2. Scale with digital. To reach more people in a way that is both scalable and cost effective, embrace digital learning. By providing financial education programs online or through an app, more people can have access to the information they need.
  3. Break down language barriers. A 2014 study by the National Council of La Raza found that 33 percent of Spanish speakers selected their bank with language accessibility in mind. Offering financial education solutions in multiple languages helps eliminate these barriers.
  4. Think beyond credit scores. According to FICO, 53 million people—the majority of whom are millennials or low-to-moderate income households—don’t have a credit score, making this standard that banks and credit unions use to evaluate consumers problematic. Instead, certificates and test scores for financial education courses could be used to determine credit risks for underbanked populations.

Employing strategies to reach underbanked communities means the next generation will be more informed and confident about their financial decision-making—and these four solutions are a great place to start. Learn more about how your financial institution can better reach underbanked communities.

To learn more about EverFi, visit us at EverFi.com/FinancialEd.

The Future of Community Reinvestment Act Compliance

The Future of Community Reinvestment Act Compliance

Since Congress signed the Community Reinvestment Act (CRA) in 1977, financial institutions have had a legal obligation to provide banking access and education to communities—particularly underbanked communities—within their geographic footprint. That obligation has not changed over the years, but the communities, as well and the ways in which financial institutions meet their needs, has. This relationship will continue evolve alongside technology. Here’s what the CRA future has in store.

Download Our Guide the Evolving Bank Branch: A Look at Tomorrow’s Community, Technology, and CRA

Download Our Guide the Evolving Bank Branch: A Look at Tomorrow’s Community, Technology, and CRA

 

Streamlined evaluation process

Technology has offered companies unprecedented access to data—and that data is becoming easier to gather, sort, and transmit. This will allow for a much simpler evaluation process and, potentially, an automated data collection system that would make the reporting and compliance process easier and more transparent for both FIs and regulators.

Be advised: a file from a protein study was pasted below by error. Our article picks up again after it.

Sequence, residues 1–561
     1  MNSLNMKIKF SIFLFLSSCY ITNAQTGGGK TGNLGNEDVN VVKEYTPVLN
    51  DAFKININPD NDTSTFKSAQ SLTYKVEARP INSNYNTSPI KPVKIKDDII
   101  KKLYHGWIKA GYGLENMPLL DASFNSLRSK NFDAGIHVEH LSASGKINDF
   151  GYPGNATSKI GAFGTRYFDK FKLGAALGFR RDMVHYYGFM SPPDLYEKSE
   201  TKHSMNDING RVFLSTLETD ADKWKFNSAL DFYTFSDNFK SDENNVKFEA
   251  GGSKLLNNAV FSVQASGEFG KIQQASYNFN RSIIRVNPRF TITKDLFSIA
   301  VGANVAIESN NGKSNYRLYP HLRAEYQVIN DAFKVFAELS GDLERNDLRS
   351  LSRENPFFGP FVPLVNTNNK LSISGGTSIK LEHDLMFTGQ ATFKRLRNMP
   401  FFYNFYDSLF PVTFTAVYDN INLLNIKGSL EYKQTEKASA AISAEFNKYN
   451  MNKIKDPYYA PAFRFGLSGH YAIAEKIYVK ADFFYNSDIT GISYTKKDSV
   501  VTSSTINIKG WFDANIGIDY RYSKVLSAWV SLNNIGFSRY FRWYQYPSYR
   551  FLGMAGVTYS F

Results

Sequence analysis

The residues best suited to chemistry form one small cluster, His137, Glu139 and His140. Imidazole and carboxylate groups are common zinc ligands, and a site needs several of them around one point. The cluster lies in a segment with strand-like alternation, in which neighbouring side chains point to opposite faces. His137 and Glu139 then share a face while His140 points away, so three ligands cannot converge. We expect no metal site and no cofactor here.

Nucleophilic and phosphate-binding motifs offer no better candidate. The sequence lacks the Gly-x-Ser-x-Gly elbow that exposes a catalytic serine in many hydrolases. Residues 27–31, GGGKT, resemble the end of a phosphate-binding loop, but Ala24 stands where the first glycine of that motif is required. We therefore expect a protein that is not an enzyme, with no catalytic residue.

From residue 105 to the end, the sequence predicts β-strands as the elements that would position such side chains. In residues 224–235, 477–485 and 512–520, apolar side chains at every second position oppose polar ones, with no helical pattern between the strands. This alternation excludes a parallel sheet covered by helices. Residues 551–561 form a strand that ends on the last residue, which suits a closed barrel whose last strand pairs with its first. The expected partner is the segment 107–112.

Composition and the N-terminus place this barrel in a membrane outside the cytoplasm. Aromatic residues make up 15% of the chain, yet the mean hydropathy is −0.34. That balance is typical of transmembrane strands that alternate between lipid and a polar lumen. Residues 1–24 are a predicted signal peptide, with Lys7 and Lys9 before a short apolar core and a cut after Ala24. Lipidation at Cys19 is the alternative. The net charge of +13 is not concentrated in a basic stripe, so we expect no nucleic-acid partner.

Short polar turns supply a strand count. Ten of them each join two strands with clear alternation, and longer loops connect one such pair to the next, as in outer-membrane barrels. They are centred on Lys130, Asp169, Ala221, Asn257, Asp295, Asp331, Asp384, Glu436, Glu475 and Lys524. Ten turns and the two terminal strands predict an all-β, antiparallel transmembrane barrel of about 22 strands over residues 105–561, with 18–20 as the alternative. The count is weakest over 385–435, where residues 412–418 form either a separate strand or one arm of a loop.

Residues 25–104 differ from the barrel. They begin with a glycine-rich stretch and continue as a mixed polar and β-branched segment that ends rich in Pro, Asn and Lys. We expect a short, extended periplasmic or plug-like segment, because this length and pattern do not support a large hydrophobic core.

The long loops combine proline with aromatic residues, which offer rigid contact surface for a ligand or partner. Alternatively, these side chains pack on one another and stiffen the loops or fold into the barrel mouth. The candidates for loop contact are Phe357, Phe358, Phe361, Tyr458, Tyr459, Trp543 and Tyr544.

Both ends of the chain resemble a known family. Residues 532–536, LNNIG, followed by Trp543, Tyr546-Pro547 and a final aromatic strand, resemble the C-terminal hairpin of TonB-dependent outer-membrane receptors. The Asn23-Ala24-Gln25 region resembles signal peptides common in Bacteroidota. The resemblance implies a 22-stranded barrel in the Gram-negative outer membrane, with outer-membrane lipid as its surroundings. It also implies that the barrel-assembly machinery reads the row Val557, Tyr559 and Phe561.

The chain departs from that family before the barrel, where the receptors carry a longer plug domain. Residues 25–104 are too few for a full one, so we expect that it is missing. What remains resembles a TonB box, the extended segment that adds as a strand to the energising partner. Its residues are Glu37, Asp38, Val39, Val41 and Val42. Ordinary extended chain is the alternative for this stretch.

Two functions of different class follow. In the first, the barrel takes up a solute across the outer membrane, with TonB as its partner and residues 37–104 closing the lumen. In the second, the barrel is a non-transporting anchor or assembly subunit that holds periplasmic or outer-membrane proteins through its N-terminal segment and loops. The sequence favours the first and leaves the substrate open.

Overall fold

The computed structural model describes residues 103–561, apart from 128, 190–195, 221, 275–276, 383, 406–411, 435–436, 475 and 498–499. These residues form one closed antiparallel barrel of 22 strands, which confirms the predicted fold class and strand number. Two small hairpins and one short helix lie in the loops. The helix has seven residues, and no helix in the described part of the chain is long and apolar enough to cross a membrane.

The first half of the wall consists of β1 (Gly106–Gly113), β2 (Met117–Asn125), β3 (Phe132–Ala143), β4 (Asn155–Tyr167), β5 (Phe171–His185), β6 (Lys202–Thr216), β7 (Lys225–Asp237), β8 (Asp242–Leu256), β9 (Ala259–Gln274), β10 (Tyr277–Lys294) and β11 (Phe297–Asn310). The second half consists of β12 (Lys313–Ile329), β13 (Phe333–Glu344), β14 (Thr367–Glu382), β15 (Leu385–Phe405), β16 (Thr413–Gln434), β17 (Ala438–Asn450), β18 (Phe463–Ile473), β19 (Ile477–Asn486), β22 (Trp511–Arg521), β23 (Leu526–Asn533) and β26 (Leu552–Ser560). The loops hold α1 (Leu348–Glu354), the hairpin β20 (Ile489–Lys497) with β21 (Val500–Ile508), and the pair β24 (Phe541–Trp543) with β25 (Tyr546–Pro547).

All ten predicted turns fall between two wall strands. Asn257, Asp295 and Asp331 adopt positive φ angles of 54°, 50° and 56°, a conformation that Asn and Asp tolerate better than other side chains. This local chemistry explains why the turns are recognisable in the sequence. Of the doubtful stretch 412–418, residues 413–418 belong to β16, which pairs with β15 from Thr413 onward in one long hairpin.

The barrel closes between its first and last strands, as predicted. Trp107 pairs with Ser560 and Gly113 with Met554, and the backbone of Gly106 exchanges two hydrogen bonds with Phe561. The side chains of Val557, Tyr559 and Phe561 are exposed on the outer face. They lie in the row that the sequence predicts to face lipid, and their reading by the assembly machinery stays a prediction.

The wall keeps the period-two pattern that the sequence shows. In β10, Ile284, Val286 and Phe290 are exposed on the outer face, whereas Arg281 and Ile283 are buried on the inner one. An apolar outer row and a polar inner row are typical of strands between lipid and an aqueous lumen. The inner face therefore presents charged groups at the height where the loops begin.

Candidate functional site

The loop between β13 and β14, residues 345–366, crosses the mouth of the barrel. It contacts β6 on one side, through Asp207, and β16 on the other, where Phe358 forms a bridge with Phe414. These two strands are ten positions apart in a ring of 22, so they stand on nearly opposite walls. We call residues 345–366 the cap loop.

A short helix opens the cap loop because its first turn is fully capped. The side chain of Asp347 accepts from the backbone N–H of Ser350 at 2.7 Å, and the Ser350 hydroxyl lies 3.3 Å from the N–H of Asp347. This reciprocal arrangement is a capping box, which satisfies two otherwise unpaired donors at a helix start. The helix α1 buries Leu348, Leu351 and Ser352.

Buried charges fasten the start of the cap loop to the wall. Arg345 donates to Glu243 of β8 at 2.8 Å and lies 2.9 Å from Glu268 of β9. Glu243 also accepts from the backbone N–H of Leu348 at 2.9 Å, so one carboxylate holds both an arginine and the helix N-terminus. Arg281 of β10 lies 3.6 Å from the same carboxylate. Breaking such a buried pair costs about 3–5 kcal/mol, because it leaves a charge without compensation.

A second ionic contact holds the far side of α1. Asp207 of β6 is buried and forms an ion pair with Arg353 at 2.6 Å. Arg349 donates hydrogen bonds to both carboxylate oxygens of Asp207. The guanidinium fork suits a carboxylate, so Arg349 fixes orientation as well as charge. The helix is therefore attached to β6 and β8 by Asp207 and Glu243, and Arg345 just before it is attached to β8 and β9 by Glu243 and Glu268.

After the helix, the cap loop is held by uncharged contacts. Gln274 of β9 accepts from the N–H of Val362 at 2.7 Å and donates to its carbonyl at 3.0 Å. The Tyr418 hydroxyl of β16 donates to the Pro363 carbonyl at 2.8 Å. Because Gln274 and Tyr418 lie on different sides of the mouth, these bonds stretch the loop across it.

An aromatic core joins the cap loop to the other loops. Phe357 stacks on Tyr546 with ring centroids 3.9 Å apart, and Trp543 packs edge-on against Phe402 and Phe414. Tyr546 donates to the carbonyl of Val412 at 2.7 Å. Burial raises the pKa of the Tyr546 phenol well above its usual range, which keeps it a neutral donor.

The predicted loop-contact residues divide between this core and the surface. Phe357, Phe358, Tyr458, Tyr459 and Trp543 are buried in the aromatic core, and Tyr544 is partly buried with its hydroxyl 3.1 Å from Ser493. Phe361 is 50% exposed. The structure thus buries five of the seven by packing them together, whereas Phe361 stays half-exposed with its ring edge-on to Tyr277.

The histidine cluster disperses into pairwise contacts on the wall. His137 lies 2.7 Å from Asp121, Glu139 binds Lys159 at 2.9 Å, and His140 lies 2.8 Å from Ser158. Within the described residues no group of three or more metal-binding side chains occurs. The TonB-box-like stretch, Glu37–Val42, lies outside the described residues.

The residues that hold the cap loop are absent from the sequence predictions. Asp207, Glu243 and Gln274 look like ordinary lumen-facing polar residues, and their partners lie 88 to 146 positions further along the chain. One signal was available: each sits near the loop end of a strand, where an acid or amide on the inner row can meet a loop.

Increased access to financial education

Financial education is crucial to successfully engaging with underbanked communities and helping young people become financially capable; for FIs, providing that education is becoming easier and more accessible as technology improves. Not only does greater education accessibility help FIs maintain CRA compliance, but as financial education service platforms become more personalized and customized, more data can be collected about individual learners. This will help FIs measure both the effectiveness of their programs and the financial wellness of their communities.

Greater focus on the the individual

Thanks to this increased ease of data collection, expect the requirements of the Community Reinvestment Act to become significantly more individualized in scope. With so much information about the individual available, it’s likely that financial capability will be determined by more than just a credit score. Instead, FIs can determine loan risks on a more individualized basis, allowing for a greater number of underbanked populations to qualify for services.

Data-driven processes and predictive analytics are already changing the playing field. In the future, expect these two factors to play an increased role in not only how CRA regulators evaluate compliance, but how FIs engage with the communities they serve as well.

To learn more about how FIs can meet and exceed Community Reinvestment Act requirements through technology and financial education, visit EverFi.com/FinancialEd.

Why Financial Institutions Should Care About Consumers’ Financial Literacy

In a world where banking relationships are becoming increasingly virtual, financial institutions are struggling to find new ways to connect with customers  and529plan 2 prevent the exodus of a new generation of tech-savvy consumers that’s growing in economic impact. While digital tools like mobile check deposit offer efficiency and convenience, they’ve also made banking relationships pretty transactional. The result? Customer loyalty is at an all-time low. In fact, more than 70% of millennial consumers say that they would likely bank with a revered tech brand like Apple, Google, or Amazon if they offered financial services.